Rural Democratization and Decentralization at the State/Society Interface: What Counts as â€˜Localâ€™ Government in the Mexican Countryside?
AbstractRural local government inMexicois contestedterrain, sometimes representing the state to society, sometimes representing society to the state. In Mexicoâ€™s federal system, the municipality is widely considered to be the â€˜most localâ€™ level of government, but authoritarian centralization is often reproduced within municipalities, subordinating smaller, outlying villages politically, economically and socially. Grassroots civic movements throughout rural Mexico have mobilized for community self-governance, leading to a widespread, largely invisible and ongoing â€˜regimetransitionâ€™ at the sub-municipal level. This study analyzes this unresolved process of political contestation in the largely rural, low-income states of Guerrero, Hidalgo, Oaxaca and Chiapas.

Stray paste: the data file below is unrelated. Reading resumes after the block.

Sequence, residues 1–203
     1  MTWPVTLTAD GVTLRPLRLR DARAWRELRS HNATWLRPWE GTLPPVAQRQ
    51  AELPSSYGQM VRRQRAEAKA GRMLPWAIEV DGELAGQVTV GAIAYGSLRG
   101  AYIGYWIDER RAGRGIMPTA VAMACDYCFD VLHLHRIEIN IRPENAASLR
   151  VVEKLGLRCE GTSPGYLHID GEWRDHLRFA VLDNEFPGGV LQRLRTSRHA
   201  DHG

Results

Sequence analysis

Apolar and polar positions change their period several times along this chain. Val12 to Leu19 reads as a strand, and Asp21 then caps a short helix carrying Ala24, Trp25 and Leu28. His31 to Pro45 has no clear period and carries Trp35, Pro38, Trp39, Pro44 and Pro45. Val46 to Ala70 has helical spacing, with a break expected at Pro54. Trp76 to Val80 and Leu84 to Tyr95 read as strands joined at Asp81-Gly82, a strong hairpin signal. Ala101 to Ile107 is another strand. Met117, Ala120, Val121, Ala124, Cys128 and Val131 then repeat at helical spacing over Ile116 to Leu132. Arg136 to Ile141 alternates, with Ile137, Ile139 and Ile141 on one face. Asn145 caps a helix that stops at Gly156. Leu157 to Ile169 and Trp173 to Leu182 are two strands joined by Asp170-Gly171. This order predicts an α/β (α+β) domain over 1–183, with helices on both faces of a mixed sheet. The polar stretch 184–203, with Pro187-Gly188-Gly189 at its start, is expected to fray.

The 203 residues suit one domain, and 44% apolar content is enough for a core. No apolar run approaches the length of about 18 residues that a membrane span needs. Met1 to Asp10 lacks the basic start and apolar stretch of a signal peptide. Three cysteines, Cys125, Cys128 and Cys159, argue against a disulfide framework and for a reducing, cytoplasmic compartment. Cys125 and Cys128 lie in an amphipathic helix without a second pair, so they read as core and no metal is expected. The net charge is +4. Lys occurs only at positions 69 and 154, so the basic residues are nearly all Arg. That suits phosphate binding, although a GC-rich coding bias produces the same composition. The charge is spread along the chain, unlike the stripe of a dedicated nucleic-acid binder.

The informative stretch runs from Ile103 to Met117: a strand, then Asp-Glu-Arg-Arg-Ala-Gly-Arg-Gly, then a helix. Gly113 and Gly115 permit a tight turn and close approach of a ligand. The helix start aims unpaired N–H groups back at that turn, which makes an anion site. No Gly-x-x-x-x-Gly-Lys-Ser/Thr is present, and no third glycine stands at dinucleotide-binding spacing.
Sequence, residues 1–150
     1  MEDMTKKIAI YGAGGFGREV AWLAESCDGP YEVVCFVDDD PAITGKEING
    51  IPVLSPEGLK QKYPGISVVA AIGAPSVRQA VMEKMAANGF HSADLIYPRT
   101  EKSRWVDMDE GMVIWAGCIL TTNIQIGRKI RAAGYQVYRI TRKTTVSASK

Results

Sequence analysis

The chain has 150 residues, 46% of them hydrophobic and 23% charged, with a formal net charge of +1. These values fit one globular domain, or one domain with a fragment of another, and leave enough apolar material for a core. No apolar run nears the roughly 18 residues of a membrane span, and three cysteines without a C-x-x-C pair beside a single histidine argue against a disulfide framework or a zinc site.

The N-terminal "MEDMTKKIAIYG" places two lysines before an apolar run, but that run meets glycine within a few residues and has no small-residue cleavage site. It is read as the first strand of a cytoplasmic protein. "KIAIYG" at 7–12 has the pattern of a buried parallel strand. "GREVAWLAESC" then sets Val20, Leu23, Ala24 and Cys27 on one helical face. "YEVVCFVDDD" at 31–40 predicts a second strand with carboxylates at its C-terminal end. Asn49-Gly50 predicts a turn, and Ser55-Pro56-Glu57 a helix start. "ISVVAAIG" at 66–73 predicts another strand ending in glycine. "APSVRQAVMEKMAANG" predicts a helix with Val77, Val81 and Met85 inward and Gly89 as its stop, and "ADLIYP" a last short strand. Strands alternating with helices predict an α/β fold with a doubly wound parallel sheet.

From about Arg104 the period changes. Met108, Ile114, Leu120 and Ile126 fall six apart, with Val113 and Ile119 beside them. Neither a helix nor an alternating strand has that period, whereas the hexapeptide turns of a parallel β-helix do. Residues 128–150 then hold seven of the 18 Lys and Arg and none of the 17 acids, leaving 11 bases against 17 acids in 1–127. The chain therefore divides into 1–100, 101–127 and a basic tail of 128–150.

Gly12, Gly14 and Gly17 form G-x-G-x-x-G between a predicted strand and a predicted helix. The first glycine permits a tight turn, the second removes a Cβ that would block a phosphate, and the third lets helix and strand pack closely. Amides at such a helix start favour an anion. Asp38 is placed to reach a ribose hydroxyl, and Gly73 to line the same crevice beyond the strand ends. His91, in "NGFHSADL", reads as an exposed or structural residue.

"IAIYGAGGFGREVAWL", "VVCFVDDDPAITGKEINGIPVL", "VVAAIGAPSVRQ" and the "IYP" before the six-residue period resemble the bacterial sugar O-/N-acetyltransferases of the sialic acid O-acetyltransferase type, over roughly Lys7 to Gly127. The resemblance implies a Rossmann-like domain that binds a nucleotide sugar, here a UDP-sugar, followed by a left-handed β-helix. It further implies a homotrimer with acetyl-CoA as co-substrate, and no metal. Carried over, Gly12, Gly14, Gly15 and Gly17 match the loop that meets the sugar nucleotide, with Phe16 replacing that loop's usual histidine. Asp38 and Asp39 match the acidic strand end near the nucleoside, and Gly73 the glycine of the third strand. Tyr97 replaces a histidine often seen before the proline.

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Bibliographic InfoPaper provided by Center for Global, International and Regional Studies, UC Santa Cruz in its series Center for Global, International and Regional Studies, Working Paper Series with number qt68d6b2bh.
Date of creation: 01 Jul 2007
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Please report citation or reference errors to , or , if you are the registered author of the cited work, log in to your RePEc Author Service profile, click on "citations" and make appropriate adjustments.:
- Fox, Jonathan A, 1997. "The World Bank and Social Capital: Contesting the Concept in Practice," Center for Global, International and Regional Studies, Working Paper Series qt6764j1h0, Center for Global, International and Regional Studies, UC Santa Cruz.
- Jonathan Fox, 1997. "POLICY ARENA: The World Bank and social capital: contesting the concept in practice," Journal of International Development, John Wiley & Sons, Ltd., vol. 9(7), pages 963-971.
- Fox, Jonathan A & GarcÃa JimÃ©nez, Carlos & Haight, Libby, 2009. "Rural Democratization in Mexicoâ€™s Deep South: Grassroots Right-to-Know Campaigns in Guerrero," Center for Global, International and Regional Studies, Working Paper Series qt3nv6s088, Center for Global, International and Regional Studies, UC Santa Cruz.
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